Directed by: Nick Love
“Geezers need excitement
If their lives don’t provide them this they incite violence
Common sense simple common sense”
– The Streets
If anyone hasn’t listened to highlights from the Director’s commentary of Nick Love’s film ‘Outlaw’ then it gives you an insight into the creative minds of the director and his stooge, the lovable cockney cheeky chappy Danny Dyer.
Love is much maligned for his presentation of proper working class lads. Men who are unashamedly geezers; his characters are very much “what you see is what you get”, from football hooligans in ‘The Football Factory’ and ‘The Firm’, an aspirational ode to ‘Scarface’ in ‘The Business’ and marauding vigilantes in ‘Outlaw’. Critics love to slate Love’s films and most see him as inferior to fellow British directors of the noughties era like Shane Meadows and Ben Wheatley.
Making a modern day version of ‘The Sweeney’ seemed on paper to be a no brainer. The original TV show was adored by the Great British Public and the John Thaw and Dennis Waterman double act was a real representation of what proper men were like in the seventies. Regan and Carter can be considered two of the most popular British television cops, and arguably the best loved outside of Alfred ‘Tosh’ Lines and Frank Burnside.
In Love’s version of ‘The Sweeney’ we have veteran tough nut Ray Winstone as Regan and voice of urban youth Ben ‘Plan B’ Drew as Carter; Winstone’s Regan isn’t too different from John Thaw’s, he’s an intimidating man with a short fuse, who likes a bit of rumpy pumpy with a nice bit of fluff. The duo are part of the elite “Flying Squad” called The Sweeney; a branch of the Met who respond swiftly to in progress robberies. Regan and Carter bend the rules to get results.
Opening to a glorious aerial shot of London we get thrown right into the action as a warehouse depot robbery gets busted by Regan and Carter. What’s odd is that an armed response team decide to take on a group of masked men brandishing shotguns with wooden clubs. No matter, with a few brutal blows the situation is taking care of.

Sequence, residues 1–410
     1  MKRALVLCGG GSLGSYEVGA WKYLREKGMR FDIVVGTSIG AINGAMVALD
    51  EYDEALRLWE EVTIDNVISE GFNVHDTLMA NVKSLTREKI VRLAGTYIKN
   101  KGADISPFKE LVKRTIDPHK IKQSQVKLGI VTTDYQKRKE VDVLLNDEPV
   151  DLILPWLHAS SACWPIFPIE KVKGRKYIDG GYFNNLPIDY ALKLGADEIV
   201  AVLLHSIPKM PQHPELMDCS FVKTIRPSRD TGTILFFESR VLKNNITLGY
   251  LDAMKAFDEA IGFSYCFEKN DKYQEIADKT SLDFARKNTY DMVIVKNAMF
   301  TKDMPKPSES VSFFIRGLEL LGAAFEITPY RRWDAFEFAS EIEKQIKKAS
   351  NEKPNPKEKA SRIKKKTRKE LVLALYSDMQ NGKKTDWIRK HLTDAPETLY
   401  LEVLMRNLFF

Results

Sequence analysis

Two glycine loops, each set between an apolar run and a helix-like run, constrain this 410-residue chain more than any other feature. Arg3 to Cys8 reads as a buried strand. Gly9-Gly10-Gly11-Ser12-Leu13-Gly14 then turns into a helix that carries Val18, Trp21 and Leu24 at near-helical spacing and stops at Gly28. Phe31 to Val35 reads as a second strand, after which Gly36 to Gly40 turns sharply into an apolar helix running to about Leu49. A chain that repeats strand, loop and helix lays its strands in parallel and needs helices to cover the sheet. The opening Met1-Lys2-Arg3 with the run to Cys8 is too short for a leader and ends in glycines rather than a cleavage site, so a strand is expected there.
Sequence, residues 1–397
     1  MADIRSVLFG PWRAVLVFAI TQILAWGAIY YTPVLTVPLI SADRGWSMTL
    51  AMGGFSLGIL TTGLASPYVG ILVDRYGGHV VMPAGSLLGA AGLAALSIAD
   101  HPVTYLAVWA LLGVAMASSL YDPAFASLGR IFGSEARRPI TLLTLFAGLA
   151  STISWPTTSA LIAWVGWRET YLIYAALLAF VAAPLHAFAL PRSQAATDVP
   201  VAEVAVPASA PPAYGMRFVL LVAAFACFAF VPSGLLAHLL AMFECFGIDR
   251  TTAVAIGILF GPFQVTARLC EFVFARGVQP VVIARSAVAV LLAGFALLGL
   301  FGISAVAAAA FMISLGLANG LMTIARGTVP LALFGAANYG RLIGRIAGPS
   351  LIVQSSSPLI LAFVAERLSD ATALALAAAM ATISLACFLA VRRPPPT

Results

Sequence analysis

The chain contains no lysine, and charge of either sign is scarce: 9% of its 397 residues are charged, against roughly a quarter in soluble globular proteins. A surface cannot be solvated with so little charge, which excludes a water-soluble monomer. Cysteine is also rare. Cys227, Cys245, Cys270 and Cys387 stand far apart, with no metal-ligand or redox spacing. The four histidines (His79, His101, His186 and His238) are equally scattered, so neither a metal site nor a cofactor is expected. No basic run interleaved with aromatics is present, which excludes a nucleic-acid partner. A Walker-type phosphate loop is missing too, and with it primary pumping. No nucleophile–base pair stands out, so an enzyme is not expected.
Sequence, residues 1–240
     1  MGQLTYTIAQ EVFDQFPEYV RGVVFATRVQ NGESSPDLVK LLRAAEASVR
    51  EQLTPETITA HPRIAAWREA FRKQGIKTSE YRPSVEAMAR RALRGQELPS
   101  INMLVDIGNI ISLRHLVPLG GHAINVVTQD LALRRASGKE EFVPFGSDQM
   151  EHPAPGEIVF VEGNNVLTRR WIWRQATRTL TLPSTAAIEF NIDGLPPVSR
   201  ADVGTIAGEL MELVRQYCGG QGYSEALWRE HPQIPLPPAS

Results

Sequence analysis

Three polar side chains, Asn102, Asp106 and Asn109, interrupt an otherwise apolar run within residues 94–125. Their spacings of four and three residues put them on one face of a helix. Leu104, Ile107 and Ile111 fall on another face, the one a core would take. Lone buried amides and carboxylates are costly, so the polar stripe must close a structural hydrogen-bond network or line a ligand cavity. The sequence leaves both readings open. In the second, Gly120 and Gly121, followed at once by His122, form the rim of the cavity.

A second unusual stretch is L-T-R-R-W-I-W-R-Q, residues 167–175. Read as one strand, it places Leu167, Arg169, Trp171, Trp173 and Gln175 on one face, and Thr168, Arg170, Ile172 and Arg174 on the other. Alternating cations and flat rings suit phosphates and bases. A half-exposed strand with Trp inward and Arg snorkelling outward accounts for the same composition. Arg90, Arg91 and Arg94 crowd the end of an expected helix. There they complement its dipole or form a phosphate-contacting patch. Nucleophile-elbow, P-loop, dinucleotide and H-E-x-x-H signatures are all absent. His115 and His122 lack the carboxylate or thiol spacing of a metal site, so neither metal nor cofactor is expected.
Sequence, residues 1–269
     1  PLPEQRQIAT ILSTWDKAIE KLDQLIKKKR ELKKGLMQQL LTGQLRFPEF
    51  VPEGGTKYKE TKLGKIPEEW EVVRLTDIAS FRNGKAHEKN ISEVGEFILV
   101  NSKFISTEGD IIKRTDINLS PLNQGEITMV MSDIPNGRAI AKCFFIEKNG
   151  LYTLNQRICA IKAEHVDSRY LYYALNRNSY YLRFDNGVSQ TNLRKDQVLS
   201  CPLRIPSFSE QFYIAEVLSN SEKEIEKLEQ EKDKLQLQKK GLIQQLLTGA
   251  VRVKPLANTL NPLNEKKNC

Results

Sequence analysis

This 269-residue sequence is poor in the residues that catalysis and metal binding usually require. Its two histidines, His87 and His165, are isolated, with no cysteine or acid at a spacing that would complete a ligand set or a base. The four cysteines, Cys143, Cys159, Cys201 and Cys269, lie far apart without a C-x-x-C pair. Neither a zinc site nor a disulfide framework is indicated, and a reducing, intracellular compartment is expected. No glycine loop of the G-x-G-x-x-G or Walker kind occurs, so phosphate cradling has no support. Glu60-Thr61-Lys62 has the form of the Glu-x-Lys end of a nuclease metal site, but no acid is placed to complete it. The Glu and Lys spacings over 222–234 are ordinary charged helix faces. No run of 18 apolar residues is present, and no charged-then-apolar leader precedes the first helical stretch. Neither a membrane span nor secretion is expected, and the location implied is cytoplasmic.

Winstone wheezes his way around the action sequences, looking like he might keel over at any moment; his body shape is frequently made fun of in the film, and actually becomes a much needed dose of light relief. Although we really could do without the sex scenes, gratuitous shots of Winstone from behind wearing his sagging XXL briefs, doing the deed with his much younger squeeze Nancy (bravely played by Hayley Atwell).
Regan has to deal with Internal Affairs who are trying to shut down the Flying Squad because of their over-aggressive methods, and his whole world gets turned upside down when a bank robbery goes seriously awry. Carter is keen as mustard, enjoys all the action, but because his missus has a bun in the oven he’s thinking about his own career prospects, moving up the ladder and settling down to a cushty desk job.
I always say that ‘The Town’ is the best blueprint for any modern crime thriller, because it uses the city surroundings brilliantly. Nick Love tries to use London, he’s able to incorporate some wonderful aerial shots of the capital, but as far as the action goes he gets it wrong. The usually busy Trafalgar Square is empty during a key robbery scene, and a shoot-out doesn’t quite capture the sheer pandemonium you might expect. In fact, the action is often unintentionally laughable. Both Winstone and Plan B seem uncomfortable even holding a weapon.
Damian Lewis is underutilized as the Sweeney’s constantly exasperated boss Frank Haskins. You feel that Lewis, with all his acting chops, would’ve been better cast as one of the bad guys. He mostly stands around in a teapot pose puffing out his cheeks and more or less going “Oh, what have you guys done now?” What we really needed was an Inspector Todd-like character from ‘Beverly Hills Cop’ to give Regan and Carter the hairdryer treatment for their reckless behaviour.
‘The Sweeney’, like most of Love’s films is watchable, but it fails to strike the correct balance between what we usually expect from an action packed crime movie, and properly acknowledge the legacy of the original.